The International Baccalaureate program is set to benefit from Lupita's great work
The International Baccalaureate is a highly prestigious, advanced educational program for kids aged 3 to 19. The non-profit organisation offers around 1,495 in the United States offering an IB program, while, with 3,700 schools in 147 countries, there are more than 1 million students currently enrolled in the scheme.
Lupita Nyong'o proudly weilding her Oscar for Best Supporting Actor
One of the program’s most distinguished graduates is Lupita Nyong’o, who recently picked up the Oscar for Best Supporting Actress in 12 Years a Slave, playing Patsy – a black woman in a country ruled by white men. She is the object of Edwin Epps’ (Michael Fassbender) twisted affection, and will be remembered in particular for two scenes: one in which she attempts to justify going AWOL to steal soap; and the other, a result of that ‘disobedience’ in a harrowing lashing scene.
“Lupita Nyong’o demonstrates where an IB education can take students,” said Adrian Kearney, IB Director for Africa, Europe and the Middle East. “Lupita is representative of the hundreds of thousands of IB graduates who make significant contributions worldwide, in an array of industries, occupations and professions. IB graduates reflect the attributes of the IB learner profile, often exhibiting a blend of empathy, compassion and respect for others, along with a sense of balance, a collaborative spirit, an ability for reflection, personal knowledge and integrity.”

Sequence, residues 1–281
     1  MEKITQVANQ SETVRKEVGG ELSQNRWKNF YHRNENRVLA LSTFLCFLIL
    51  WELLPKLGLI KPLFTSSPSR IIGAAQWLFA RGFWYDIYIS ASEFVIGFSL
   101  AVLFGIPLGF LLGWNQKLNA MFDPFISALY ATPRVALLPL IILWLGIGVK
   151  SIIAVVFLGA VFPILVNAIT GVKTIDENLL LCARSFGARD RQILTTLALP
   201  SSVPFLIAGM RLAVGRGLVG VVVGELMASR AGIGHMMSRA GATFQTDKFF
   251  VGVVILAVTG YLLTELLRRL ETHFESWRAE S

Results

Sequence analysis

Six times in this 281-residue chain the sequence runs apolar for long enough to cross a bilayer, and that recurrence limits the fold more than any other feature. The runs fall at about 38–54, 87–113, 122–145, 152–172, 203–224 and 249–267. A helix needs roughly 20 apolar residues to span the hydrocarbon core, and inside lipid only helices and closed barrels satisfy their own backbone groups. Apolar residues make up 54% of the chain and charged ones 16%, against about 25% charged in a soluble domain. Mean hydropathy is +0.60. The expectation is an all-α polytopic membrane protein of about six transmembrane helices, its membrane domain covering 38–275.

Nyong’o mentioned in her memorable acceptance speech that she had been educated in the theatre arts at Yale University, which she attended as a graduate student after earning a bachelor’s at Hampshire College. IB marketers now want to use the golden statuette as a marketing tool to raise awareness and interest in the the education program. Kearney adds, “We are proud that Lupita is an IB alumnus. Her focus and accomplished performance are completely in tune with her success as an IB student.
Watch Nyong'o's acceptance speech here